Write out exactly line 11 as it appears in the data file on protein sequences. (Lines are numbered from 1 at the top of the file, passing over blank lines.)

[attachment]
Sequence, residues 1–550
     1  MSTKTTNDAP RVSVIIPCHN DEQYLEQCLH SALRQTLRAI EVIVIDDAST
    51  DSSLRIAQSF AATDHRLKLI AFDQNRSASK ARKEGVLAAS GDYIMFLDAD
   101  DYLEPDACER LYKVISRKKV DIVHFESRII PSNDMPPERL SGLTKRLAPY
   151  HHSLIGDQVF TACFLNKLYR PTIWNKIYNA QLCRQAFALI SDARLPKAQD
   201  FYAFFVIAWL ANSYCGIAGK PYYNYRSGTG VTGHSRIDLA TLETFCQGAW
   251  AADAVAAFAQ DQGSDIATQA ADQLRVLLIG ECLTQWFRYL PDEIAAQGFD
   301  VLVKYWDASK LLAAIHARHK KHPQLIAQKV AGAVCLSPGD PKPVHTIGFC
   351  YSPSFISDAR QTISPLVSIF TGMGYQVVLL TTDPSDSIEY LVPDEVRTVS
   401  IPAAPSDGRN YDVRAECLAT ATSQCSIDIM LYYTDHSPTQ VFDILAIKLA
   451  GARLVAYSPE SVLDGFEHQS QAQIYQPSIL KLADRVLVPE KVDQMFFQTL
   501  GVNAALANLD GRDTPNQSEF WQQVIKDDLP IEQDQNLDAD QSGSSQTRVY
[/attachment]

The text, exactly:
   451  GARLVAYSPE SVLDGFEHQS QAQIYQPSIL KLADRVLVPE KVDQMFFQTL